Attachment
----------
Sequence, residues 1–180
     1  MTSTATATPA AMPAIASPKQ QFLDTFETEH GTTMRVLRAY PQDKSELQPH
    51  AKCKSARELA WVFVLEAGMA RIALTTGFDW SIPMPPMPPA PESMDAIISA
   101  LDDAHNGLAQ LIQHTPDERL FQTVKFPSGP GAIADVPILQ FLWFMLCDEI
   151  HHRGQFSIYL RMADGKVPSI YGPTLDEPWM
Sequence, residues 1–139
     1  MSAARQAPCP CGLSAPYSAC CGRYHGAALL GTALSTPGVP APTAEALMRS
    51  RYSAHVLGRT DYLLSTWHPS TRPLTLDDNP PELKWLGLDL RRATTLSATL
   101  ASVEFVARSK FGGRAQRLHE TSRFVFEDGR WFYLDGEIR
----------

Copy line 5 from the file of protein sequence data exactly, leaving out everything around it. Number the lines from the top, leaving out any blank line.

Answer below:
   151  HHRGQFSIYL RMADGKVPSI YGPTLDEPWM